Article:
Dry beans are not competitive and even low weed pressure can result in yield loss. Good weed control is important, as not only can weeds impact yields, but green weedy material can harbour diseases and cause quality issues by staining beans during harvest.
An integrated weed management strategy is important to reduce weed control issues, and a weed management plan should start a year or two before planting dry beans on a field. Herbicide options are limited in dry beans and choosing clean fields and controlling problematic weeds in the crop rotation before growing dry beans is important. Effective options for perennial weed control of weeds such as Canada thistle, perennial sow thistle, dandelions, and quack grass for dry beans are not available, so care should be taken to control these weeds in the rotation before growing dry beans. Dry beans are also very sensitive to many herbicide residues and herbicides used in rotation should be checked for cropping restrictions.
Dry beans are typically seeded after May 25 to avoid the risk of late spring frosts, and this presents a good opportunity to control weeds before seeding or before crop emergence in the spring. Herbicide selection should be done carefully and when choosing in-crop herbicides, growers should check labels before application, as not all herbicides have been tested on all dry bean types, and certain varieties will have different tolerance to herbicides.
If dry beans are grown in a row crop system, inter-row tillage is often used to help manage in-crop weed issues. Certain non-selective herbicides can also be sprayed inter-row as well. Inter-row cultivation should be done on warmer days when beans are limp and less likely to break if contacted, and when weeds will tend to wilt and die more quickly. Cultivation should occur when the canopy is dry to avoid spreading disease. Care should also be taken to avoid root pruning in later-season cultivations.
Dry beans are susceptible to many different diseases, from seedling diseases that can be seed- or soil-borne, up to mature plant diseases. Both bacterial and viral infections can cause issues in dry bean growth, and careful scouting and management of the crop is important to correctly identify the pathogen affecting the crop.
Many management practices can reduce the risk of some diseases. Cultural control methods can play a large role in reducing disease pressure during the growing season. Growers should consider:
- Crop Rotation & Field Preparation: Follow a diverse rotation of at least four years between dry bean crops which can reduce pathogen loads in the soil, although there is no safe rotation length. In years where problems have been noticed, avoid planting adjacent to last year’s field to help avoid diseases spreading in from field margins. Plowing residue into the soil to avoid it scattering, and burying it will reduce the survival of the pathogens, but take care to avoid erosion issues.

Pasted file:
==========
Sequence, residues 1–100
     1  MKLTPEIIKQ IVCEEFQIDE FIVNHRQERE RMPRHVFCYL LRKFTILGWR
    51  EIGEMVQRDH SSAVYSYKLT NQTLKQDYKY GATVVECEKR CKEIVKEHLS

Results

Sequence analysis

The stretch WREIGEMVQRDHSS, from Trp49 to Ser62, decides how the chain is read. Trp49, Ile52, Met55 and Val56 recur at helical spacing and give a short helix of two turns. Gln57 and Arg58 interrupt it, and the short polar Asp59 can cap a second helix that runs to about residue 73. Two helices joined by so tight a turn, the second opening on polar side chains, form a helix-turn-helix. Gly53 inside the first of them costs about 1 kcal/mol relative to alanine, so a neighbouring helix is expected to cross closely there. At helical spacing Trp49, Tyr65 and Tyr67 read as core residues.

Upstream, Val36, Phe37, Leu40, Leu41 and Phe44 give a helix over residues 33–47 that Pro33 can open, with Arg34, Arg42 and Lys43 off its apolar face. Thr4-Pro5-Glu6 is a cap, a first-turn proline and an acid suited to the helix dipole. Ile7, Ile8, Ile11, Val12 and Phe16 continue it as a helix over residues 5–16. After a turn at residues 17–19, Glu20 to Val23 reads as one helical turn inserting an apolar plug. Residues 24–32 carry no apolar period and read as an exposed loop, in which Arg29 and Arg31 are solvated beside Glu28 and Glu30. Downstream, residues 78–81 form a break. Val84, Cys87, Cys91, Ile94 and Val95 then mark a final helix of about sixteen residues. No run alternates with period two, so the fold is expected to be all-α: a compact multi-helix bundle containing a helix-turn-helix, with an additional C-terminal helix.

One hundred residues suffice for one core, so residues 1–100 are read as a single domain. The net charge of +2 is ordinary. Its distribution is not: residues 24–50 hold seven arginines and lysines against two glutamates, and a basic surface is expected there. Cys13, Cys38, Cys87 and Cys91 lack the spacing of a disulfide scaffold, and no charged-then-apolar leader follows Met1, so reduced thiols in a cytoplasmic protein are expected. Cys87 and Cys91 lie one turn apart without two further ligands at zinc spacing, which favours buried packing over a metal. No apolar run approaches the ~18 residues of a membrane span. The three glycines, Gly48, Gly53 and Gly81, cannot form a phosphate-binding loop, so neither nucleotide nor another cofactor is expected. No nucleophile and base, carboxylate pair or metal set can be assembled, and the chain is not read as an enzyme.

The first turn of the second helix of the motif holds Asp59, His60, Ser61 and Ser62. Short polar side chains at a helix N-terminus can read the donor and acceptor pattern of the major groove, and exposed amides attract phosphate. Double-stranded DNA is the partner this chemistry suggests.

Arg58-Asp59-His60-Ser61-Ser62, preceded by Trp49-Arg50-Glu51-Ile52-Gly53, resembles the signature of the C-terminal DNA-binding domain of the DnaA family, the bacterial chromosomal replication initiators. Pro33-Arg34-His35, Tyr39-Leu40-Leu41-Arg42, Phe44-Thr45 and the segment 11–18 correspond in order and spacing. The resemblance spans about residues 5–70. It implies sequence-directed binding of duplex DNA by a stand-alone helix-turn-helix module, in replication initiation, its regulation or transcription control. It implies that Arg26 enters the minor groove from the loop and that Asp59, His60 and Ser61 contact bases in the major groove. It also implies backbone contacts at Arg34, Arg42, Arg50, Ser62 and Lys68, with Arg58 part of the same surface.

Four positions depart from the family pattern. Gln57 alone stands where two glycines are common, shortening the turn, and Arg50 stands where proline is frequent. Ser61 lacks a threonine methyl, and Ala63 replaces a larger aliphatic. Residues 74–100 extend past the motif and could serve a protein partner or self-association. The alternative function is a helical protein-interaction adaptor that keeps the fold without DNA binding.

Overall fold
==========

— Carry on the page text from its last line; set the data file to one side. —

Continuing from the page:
- Seed Source & Handling: Plant clean seed that is disease free to avoid seed with bacterial blight. Seed should be handled gently both in storage and seeding operations to avoid damage to the seed coat.
- Variety Selection: Resistance to common blight and white mould is minimal. However, growth habits can affect how wet the canopy stays, greatly influencing the development of diseases like white mould. Choosing more upright varieties may result in a drier canopy with less disease.
- Weed Control: Keep the crop weed free, which will help reduce canopy cover and provide a drier canopy. Some weeds can host pathogens, increasing disease pressure.
- Proper Fertilization: Balanced nutrition is important to avoid nutrient deficiencies that may stress the plant and make it more susceptible to disease. Zinc deficiencies can result in more disease concerns. Over-application of nitrogen can also increase disease risk, as a lusher canopy can create a favourable environment for disease.
- Row Spacing & Tillage: Wider row spacing in row crops, compared to solid seeding systems, will have more airflow through the canopy, reducing disease pressure. If soil is compacted and hard, root diseases can be more problematic. Tillage near bean rows to break the soil up and allow improved root growth can reduce the severity of root diseases.
Seed treatments will help protect seeds and seedlings from seed-borne and soil-borne pathogens and help ensure the good establishment of a strong, vigorous crop. Foliar fungicide applications can be used to target identified diseases during the growing season at the correct timing to maximize effectiveness and protection of yield.
Dry beans can be affected by a complex of various root diseases including Fusarium, Rhizoctonia, and Pythium. Fusarium is the most common and most problematic in drier years. Symptoms include dark brown lesions on the tap root that can spread to all roots. Plants are stunted and yellow with fewer pods and smaller seeds. Rhizoctonia presents with chocolate to red-coloured spots that are more distinct and may have small black or brown sclerotia develop inside the stem. Aphanomyces euteiches has become more prevalent in Saskatchewan in the past few years with devastating effects on field peas. Dry beans have a variable response to Aphanomyces. They are not resistant, and can be a host, but will only produce a few oospores and have variable symptoms from the disease.